To be fair, there a probably other ways to discover what your best experience was. For example if you felt irrationally angry when it snowed in Canberra in July (as I did), you probably thoroughly enjoyed the weather in Indonesia. If you look at Australian food and think everything looks too fresh and vitamin-rich (as I do), you probably enjoyed Indonesian food. If you have downloaded your Indonesian choir’s songs onto your iPod and listen to them every day (as I do), you probably enjoyed your Indonesian choir. Because exchange is a mixed-bag of weird and wonderful experiences, future-exchange students should take-part in every experience they can. While it’s difficult to choose one thing as your defining ‘best experience,’ I think it’s telling that even when a fantastic experience is over and you feel that loss, the memories are so rich that’s it’s almost like you’re back on exchange again. Almost.

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Taiwan archaeology and the Zou people

Will Zou

Society and culture | East Asia


Taiwan is an island-bound by many narratives. I would like to share with you one academic narrative and one personal anecdote from my three weeks spent in Taiwan. I was in Taiwan under the auspices of the ANU in-country learning course, aptly titled ‘Archaeology in China’. We toured by bus around almost every major city, and certainly every archaeological museum in Taiwan. The archaeology of Taiwan retraces the stories of the Austronesians, peoples who settled in Taiwan over 7000 years ago.

Austronesians are everywhere today, according to academics. They are the progenitors of a constellation of people spread from Madagascar to the Pacific Islands, and as far as Hawaii (see Figure 1). How they sojourned across the oceans remains a mystery.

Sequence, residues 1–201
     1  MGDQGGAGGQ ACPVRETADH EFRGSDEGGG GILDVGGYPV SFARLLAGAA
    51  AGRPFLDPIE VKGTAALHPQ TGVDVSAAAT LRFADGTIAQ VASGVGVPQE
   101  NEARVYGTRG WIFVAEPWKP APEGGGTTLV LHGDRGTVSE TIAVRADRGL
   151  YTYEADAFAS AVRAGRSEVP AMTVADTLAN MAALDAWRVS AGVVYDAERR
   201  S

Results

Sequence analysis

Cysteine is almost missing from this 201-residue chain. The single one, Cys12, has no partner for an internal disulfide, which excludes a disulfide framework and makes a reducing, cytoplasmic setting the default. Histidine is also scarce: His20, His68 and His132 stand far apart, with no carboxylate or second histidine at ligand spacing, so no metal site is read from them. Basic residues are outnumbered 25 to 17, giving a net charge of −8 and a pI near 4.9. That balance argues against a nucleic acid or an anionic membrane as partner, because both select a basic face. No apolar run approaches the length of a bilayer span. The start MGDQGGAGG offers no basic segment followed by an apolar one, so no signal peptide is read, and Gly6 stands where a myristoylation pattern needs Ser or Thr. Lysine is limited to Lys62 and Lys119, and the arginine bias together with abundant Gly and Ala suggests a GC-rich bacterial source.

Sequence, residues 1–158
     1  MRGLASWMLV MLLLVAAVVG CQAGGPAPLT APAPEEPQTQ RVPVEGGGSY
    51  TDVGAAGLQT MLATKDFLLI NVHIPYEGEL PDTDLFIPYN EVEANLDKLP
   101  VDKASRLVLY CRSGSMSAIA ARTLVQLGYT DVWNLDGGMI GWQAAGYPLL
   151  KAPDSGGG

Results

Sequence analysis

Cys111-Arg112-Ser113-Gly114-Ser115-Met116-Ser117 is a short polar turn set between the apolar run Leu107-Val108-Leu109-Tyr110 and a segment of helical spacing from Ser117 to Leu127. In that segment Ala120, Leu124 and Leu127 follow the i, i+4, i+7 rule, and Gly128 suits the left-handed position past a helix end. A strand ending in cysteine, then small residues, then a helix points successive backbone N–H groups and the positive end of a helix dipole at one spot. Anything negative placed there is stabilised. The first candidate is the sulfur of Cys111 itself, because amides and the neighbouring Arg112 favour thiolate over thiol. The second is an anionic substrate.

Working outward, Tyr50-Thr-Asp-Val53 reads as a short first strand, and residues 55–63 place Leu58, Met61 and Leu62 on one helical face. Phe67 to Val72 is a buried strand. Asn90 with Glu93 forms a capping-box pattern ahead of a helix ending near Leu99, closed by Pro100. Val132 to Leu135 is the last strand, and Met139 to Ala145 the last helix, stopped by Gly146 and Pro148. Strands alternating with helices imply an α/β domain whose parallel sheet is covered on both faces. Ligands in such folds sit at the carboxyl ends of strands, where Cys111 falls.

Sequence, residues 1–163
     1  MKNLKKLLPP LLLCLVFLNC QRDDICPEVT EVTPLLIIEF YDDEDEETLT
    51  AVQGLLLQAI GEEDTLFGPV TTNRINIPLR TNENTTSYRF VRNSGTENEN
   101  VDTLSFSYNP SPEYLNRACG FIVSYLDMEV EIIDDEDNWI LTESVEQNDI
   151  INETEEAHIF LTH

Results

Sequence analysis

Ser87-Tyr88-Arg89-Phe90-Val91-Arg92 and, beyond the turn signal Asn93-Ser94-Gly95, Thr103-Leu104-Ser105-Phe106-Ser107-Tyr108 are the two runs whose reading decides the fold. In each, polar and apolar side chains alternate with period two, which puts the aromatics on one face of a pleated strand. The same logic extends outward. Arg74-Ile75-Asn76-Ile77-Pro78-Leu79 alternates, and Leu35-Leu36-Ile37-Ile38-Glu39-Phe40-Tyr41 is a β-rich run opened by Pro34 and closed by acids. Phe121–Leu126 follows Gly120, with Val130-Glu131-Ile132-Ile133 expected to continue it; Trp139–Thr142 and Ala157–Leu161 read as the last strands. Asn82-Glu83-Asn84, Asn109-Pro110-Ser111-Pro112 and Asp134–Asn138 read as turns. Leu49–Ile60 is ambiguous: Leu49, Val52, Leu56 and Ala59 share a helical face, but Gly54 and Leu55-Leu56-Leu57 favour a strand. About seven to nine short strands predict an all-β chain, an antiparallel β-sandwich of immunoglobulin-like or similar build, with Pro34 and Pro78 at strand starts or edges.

[caption id="attachment_926" align="alignnone" width="300"] Figure 1: Austronesian dispersal from Taiwan (in bracket is the approximate year of dispersal)[/caption]

Evidence from the fields of archaeology, linguistics and genetics tell the same story — the Austronesians migrated far and wide across the span of five thousand years. Pottery and earrings dug up by Archaeologists on many of these disparate countries share distinct features (see Figure 2). For example, the double animal-headed earrings excavated in Vietnam and the Philippines were formed out of a particular type of jade. The jade is produced naturally only in Taiwan. Similarly, linguists believe that the people across these island countries form a part of the larger Austronesian language group. That is, the languages across the Pacific, Oceania and other regions once shared morphological, phonological and lexical innovations. Aside from the excavated evidence and linguist reconstructions, preliminary genetic research suggests the indigenous population on these disparate islands were once very similar to Taiwanese Austronesians. The Austronesian migration theory suggests that Taiwan has its own unique and enduring history. As the evidence suggests, this is a compelling narrative.